Imagine you had a front-row seat to the world’s foremost scientific teams as they worked to develop a life-saving vaccine. The filmmaking team behind CNN’s “Race for the Vaccine“ recently did just that, and Prophet’s healthcare team sat down with a few of them in conversation.

Produced by the Global Health Reporting Center and narrated by Dr. Sanjay Gupta, “Race for the Vaccine” tells the story of the  Oxford University, the NIH, Pfizer, University of Queensland and China’s CDC teams that undertook the heroic task of developing a COVID-19 vaccine as the virus swept the globe. Co-Director Caleb Hallerman and Editors Brain Truglio and Shayon Maitra joined the healthcare consulting team to share their experience making the documentary and how their efforts were designed to build confidence in the scientific processes that underpinned the vaccine development.

Whether in journalism or business, well-crafted narratives can engage audiences in an authentic and persuasive way – what Prophet’s founder emeritus David Aaker likes to call “signature stories.” Here are our takeaways from the conversation – which provide lessons for anyone who tells stories in a business context.

Lessons from Filmmakers: How to Tell Stories in the Business World

1. Know Your Beat: The Power of Relationships

Relationships unlock access to great content. In the case of “Race for the Vaccine,” relationships allowed the documentary to tell a truly global story. Because of former projects and collaborations, Caleb and the Global Health Reporting Center were able to get access to research institutes including China CDC. As Caleb pointed out, “the most important relationships you have are the ones you have before the story breaks…to make those connections before you’re in the midst of a crisis.”

To be a strategic storyteller, acknowledge that every interaction is an opportunity to build the relationships that could lead to the next great story. In doing so, you’ll build credibility and trust not only through direct interactions but also by virtue of second-degree connections to other people, expertise and opportunities. Also, the broader that network is, the greater the opportunity to bring a diversity of perspective and experience to strategic recommendations and communications.

2. Find the Right Source: Characters Who Make the Story

People want to connect with other people. And to create a powerful story you need characters that keep audiences interested and invested in the story you’re telling.  As Brian Truglio pointed out, “Character is really what drives the story…the most important thing is that you have interesting people who bring energy to the topic, and who can explain it. If you don’t have that…it’s not going to stick with people.” In “Race for the Vaccine,” this meant finding the scientists who could guide audiences on this complicated scientific journey such as Dr. Kizzmekia Corbett (NIH) and Dr. Keith Chappell (University of Queensland-Australia).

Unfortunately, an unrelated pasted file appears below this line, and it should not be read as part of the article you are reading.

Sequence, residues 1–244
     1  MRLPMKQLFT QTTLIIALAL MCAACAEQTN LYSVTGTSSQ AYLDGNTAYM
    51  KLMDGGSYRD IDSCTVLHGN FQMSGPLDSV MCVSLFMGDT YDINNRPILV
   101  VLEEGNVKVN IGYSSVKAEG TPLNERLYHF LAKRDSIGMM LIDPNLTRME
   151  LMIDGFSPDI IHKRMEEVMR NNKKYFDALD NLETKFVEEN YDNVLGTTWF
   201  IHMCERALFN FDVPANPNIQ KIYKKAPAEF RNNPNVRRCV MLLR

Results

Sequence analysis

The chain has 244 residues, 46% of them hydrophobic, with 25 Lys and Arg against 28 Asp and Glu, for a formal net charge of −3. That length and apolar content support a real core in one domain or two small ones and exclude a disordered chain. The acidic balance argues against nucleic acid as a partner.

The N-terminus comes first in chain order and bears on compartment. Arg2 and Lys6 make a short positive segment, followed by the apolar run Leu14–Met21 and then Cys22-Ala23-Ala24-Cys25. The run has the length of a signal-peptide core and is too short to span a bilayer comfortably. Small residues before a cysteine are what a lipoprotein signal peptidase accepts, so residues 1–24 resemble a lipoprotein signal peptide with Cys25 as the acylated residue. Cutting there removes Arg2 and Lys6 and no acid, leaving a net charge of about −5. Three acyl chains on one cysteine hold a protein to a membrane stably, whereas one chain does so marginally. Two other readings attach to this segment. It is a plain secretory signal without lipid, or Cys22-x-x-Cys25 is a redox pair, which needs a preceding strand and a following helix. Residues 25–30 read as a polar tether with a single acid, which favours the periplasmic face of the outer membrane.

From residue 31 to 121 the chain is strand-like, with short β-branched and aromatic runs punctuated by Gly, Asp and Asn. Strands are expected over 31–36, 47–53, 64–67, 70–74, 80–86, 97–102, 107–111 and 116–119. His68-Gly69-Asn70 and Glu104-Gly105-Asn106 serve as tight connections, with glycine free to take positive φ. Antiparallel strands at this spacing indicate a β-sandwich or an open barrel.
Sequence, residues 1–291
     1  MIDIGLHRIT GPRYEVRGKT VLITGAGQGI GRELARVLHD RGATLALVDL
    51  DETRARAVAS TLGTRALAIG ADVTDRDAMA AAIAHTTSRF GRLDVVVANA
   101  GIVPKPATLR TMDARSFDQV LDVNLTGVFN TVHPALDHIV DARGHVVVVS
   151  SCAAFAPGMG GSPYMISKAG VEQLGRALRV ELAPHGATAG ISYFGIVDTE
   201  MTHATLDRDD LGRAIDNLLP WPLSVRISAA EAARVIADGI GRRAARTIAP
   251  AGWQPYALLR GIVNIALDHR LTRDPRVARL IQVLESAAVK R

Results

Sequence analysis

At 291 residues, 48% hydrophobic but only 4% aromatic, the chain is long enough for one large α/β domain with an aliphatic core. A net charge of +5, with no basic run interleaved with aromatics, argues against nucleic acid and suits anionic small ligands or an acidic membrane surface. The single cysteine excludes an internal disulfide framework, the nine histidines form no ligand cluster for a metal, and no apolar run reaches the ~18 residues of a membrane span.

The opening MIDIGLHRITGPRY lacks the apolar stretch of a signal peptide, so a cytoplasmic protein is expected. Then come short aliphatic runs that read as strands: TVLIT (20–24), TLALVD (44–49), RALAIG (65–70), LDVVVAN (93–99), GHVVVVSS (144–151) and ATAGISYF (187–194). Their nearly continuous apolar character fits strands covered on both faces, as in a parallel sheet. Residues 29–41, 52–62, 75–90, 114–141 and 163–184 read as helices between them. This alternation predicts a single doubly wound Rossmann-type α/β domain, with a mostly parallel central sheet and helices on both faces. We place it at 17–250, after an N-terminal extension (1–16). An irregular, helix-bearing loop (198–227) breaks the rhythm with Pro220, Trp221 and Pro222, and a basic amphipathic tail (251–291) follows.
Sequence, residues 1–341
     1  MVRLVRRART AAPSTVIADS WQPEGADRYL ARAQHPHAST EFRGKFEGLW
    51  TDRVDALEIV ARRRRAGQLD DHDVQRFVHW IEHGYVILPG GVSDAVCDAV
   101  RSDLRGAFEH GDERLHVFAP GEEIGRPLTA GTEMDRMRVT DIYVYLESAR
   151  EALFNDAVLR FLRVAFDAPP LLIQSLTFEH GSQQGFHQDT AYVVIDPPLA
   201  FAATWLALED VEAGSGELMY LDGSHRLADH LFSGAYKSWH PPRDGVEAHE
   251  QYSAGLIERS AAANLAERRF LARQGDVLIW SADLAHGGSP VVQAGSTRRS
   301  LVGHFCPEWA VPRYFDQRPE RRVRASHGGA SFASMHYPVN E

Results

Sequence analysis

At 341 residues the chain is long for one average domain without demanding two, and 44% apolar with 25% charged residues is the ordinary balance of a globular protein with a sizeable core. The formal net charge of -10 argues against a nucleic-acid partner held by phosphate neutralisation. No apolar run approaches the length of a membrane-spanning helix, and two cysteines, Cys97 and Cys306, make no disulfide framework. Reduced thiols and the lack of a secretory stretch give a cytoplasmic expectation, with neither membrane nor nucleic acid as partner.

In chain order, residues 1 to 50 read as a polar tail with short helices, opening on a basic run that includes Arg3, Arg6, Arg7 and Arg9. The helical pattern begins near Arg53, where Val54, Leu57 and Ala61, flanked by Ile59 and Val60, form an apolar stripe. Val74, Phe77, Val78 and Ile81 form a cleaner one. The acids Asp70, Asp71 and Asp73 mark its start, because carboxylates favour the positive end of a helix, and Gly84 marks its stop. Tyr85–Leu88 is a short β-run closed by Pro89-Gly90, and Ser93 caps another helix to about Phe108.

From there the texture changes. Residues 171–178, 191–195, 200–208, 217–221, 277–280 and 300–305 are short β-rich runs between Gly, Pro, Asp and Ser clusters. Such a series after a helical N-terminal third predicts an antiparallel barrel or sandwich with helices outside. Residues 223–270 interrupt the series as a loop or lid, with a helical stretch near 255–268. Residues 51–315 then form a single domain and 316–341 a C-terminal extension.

As business transformation leaders, it’s equally important to identify the central characters in any team you lead. What are individuals on your team passionate about? Where do their strengths lie? And where do the two come together to influence the business to adopt a strategic decision? Identifying what makes for a strong character at your organization can help rally it to change by clearly communicating its benefits to the market and modeling the behaviors that will lead to its success.

3. Go Beyond the Headline: Context Matters

It probably won’t come as a surprise that one of the challenges the filmmakers faced was capturing moments with the scientists in their labs. In early edits, one the biggest problems they identified was the lack of footage showing scientists in lab coats. It ran contrary to Brian and Shayon’s mantra for editing documentaries, “Show, don’t tell,” and required additional shoots and thoughtful editing to ensure that there was the right context to establish the credibility of these scientists. If the filmmakers had only had images of Dr. Corbett or Dr. Barney S. Graham at home, it may have limited viewers’ confidence in the safety and scientific rigor behind the vaccine research.

This experience highlights just how much context matters in strategic storytelling. In any business transformation, understanding the starting point – and how that starting point impacts any solution proposed to a business challenge – is critical to how a story is shaped to business leaders and executives. The synergy between story, strategy and action is the basis for credibility and trust, and the foundation for business success.

Final Thoughts

Telling the story of the development of the COVID-19 vaccine is (hopefully) a once-in-a-lifetime achievement for the filmmaking team behind “Race for the Vaccine,” but it doesn’t mean that the story is over. As governments continue the vaccine rollout, they are faced with overcoming the fear and biases that prevent people from getting vaccinated.

In this blog, David Aaker argues that storytelling, with the right frame of reference, is one of the best ways to connect emotionally, attract attention, distract from counterarguing and ultimately change the hearts and minds of those who may be vaccine-hesitant or resistant. Whether you’re a documentary filmmaker, a consultant or just a friend and neighbor, the stories we tell have the power to shape the world around us.

Thank you again to Caleb, Brian, and Shayon for speaking to our team. You can learn more about the Global Health Reporting Center’s mission to create in-depth health journalism here.

If you’re interested in working with Prophet’s healthcare growth strategists – or are interested to learn more about opportunities to engage our network of industry experts – reach out today.